Most selections will come from the Big 12 and Pac-12, which adopts its new branding after Utah and Colorado join the conference; occasional Conference USA games could be selected, too. Fox’s broadcast channel has the rights to the Big 12 and Pac-12 championship games this year. FX is a likely destination for Conference USA’s championship game — though that game could be moved to Fox.
Fox hasn’t settled on who will be in the broadcast booth or its Los Angeles-based studio yet. It plans to host a halftime show from the studio, but has not decided on whether to run a pregame or postgame show.
Shanks said the telecast will have its own dedicated college football staff. But he said the Fox Sports’ animated robot Cleatus will be on the FX telecast.
“It’s not a big-time package unless you have Cleatus the robot or Digger,” Shanks said with a laugh.
“This did exactly what we wanted, in that it helped the sports fan find truTV,” he said.
After a week when CBS and Turner were praised widely for showing every NCAA tournament game in its entirety, why would Levy, Turner’s president of sales, distribution and sports, want to hype his lowest-rated network?
But a survey we conducted last week with 125 sports business students at Penn’s Wharton School of Business shows why Levy’s focus on truTV makes sense.
After the first weekend of games, only 39 percent of the students could correctly identify where to find truTV on their multi-channel system.
But none of those students — literally zero — had any clue where the channel was just a week before the tournament.
Levy wanted sports fans to find the channel — and they did.
If they couldn’t, they agitated for it. Typical was grad student Amika Porwal, who wanted to see the Marquette-Syracuse game on Sunday night, but her small cable system near Philadelphia doesn’t carry truTV.
“It was really annoying to me that I wasn’t able to watch it,” she said. “I had to pull out my laptop for it.”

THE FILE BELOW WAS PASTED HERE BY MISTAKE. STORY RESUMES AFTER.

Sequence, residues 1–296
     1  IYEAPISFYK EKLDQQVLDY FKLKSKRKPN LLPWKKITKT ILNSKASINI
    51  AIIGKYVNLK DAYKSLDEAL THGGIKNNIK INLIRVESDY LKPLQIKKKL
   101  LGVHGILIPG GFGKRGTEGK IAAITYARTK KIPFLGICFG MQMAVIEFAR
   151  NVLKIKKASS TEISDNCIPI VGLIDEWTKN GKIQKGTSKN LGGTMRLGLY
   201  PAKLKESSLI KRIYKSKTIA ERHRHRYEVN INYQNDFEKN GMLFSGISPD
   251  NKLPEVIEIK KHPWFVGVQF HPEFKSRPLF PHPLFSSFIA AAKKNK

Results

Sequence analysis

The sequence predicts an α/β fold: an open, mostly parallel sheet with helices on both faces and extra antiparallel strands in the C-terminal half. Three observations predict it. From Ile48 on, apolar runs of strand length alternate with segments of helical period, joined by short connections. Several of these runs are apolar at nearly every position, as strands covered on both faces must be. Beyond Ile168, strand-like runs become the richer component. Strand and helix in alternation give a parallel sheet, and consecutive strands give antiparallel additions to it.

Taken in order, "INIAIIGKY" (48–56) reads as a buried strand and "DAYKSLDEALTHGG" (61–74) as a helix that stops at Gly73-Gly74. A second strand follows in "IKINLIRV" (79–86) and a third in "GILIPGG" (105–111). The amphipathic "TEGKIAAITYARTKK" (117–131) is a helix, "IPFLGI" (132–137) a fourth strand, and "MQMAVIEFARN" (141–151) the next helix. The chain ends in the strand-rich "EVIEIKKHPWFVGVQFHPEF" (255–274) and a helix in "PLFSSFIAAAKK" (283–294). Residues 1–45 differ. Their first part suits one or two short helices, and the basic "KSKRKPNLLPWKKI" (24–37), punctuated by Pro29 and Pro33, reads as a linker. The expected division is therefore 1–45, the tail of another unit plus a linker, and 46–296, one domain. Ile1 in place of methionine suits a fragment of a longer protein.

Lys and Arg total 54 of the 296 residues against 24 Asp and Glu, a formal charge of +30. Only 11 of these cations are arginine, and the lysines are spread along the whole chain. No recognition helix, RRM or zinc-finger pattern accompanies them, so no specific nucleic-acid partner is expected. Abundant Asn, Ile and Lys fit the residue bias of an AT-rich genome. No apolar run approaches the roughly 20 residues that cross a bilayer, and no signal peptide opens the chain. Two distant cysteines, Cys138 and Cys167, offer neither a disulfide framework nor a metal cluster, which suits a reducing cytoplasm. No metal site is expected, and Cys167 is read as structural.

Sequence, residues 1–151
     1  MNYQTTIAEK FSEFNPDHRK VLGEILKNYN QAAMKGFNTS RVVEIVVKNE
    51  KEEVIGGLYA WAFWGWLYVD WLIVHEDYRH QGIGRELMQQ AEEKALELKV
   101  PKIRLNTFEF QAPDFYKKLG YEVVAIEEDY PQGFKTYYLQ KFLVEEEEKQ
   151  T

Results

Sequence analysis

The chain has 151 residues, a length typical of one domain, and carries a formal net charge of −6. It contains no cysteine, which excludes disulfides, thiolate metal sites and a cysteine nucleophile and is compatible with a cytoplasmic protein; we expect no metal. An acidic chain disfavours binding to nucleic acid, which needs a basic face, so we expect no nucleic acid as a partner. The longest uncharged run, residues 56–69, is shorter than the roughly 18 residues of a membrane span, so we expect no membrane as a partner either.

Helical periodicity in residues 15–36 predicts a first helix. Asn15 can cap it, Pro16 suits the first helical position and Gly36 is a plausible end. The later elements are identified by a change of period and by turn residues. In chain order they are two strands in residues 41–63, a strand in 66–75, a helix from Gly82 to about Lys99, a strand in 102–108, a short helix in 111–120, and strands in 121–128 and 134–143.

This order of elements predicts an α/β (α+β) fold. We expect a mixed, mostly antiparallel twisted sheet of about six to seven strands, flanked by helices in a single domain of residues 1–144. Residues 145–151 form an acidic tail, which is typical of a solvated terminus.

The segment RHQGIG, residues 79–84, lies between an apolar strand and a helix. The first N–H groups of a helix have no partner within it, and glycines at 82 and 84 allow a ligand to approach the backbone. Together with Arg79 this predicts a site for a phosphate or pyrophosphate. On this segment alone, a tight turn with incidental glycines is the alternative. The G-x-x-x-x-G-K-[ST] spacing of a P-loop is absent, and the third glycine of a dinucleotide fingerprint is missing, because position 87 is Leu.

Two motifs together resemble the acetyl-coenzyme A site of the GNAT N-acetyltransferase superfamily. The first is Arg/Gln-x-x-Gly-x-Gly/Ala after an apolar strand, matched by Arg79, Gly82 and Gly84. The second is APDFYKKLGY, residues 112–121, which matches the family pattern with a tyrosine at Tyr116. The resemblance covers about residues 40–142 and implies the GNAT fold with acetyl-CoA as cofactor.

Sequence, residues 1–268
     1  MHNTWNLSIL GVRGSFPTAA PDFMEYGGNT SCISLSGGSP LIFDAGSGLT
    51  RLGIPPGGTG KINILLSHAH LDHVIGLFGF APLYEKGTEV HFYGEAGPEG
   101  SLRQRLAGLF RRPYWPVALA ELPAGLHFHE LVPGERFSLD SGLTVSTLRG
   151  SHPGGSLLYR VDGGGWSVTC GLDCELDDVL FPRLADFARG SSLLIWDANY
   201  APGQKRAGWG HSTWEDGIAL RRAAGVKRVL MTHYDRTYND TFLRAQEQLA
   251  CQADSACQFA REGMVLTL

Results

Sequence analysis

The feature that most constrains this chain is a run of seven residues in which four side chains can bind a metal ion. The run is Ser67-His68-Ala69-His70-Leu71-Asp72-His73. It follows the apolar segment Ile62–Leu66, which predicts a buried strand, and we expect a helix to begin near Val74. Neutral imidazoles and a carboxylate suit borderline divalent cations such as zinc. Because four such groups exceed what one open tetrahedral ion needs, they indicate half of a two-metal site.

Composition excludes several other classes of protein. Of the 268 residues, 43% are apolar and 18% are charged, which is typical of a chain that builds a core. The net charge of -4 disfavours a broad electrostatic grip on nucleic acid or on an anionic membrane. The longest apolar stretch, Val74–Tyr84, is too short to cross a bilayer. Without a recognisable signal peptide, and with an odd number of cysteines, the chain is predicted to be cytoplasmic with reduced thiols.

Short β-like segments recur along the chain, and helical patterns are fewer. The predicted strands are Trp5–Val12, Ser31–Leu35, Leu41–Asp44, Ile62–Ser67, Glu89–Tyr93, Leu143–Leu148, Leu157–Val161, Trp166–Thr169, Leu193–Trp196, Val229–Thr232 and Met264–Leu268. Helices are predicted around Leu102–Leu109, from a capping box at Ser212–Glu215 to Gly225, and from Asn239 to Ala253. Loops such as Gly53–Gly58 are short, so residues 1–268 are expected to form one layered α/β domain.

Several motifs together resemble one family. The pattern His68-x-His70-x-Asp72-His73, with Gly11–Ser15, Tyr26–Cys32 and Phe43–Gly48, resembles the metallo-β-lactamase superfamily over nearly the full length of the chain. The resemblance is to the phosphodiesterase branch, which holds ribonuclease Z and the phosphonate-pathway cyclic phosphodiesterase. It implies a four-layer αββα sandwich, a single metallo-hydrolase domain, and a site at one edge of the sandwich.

I don’t expect many of tournament viewers to return to truTV; the Wharton students mocked promos for shows like “Hardcore Pawn” and “Lizard Lick Towing.” But Levy can now show leagues that fans will find it as Turner pursues additional sports rights.
Other takeaways the Wharton students had from the first weekend of the CBS/Turner-produced tournament:
• Cable television has to be considered a big winner. Starting with the BCS on ESPN in January and running through this month’s NCAA tournament, cable networks are showing that they can handle big events.
Nearly all of the Wharton students said they preferred watching this year’s tournament across four networks compared to when CBS had the tournament on its own.
Asked to rate the TV watching experience this year on a scale of 1 to 10, the students’ grades averaged out to an 8.8.
CBS still showed a lot of strength. TV ratings for CBS’s games were the highest of the four networks. And the Wharton students’ experiences show why.
Grad student Josh Gartland said he settled on CBS games because they felt “familiar.”
“I was worried that I was going to miss something, so I was toggling more than I would have,” he said. “I would always default back to CBS because I would feel like that was the headquarters.”
Fellow student Avi Rosenblit agreed. “There’s something about CBS where even the music felt like home base to me.”
The majority, however, never want to go back.
As an Ohio State fan, Gigi Garmendia was happy that she could watch her team’s blowout victory over George Mason, without having the network cut away, as CBS would have done in past years.
“I more strongly prefer this year’s,” she said. “There’s no regional bias.”
• March Madness On Demand may be setting usage records (logging 26.7 million visits in the first week), but the experience left a lot of Wharton students wanting more.
Asked to grade their online experience, the students ranked it a 7.1 out of 10 — a good rating, but nearly two full points behind television. The students’ complaints centered on two areas: Many complained about buffering and freezing video. Even students who rated the online experience highly said the video froze a lot.
The other main complaint dealt with the service’s scoreboard. Video frequently would lag; but the scoreboards were updated in real time, so viewers would know when a team scored before the video would run.
• Mobile applications are the sleeping giant. Only 11 of the 125 students watched a game via an iPad or iPhone, but those 11 raved about their experience.
Student Mike Tonelli watched the Kentucky-West Virginia game on an iPad while on a bus in Maryland. He said the picture’s resolution was “phenomenal.”
“The video definitely had some spots where it got disrupted,” he said. “But as soon as I hit Wi-Fi and didn’t have to rely on 3G, I didn’t have any glitches.”
Mobile users raved about their devices, even when they had glitches, such as Colin Brown, who watched on his iPhone 3GS with the updated 4.3 operating system.
“There were times when it cut out,” he said. “But one thing I did like was that when it did cut out, it would still give me the audio feed. It wouldn’t lose a beat.”
John Ourand can be reached at firstname.lastname@example.org. Follow him on Twitter @Ourand_SBJ.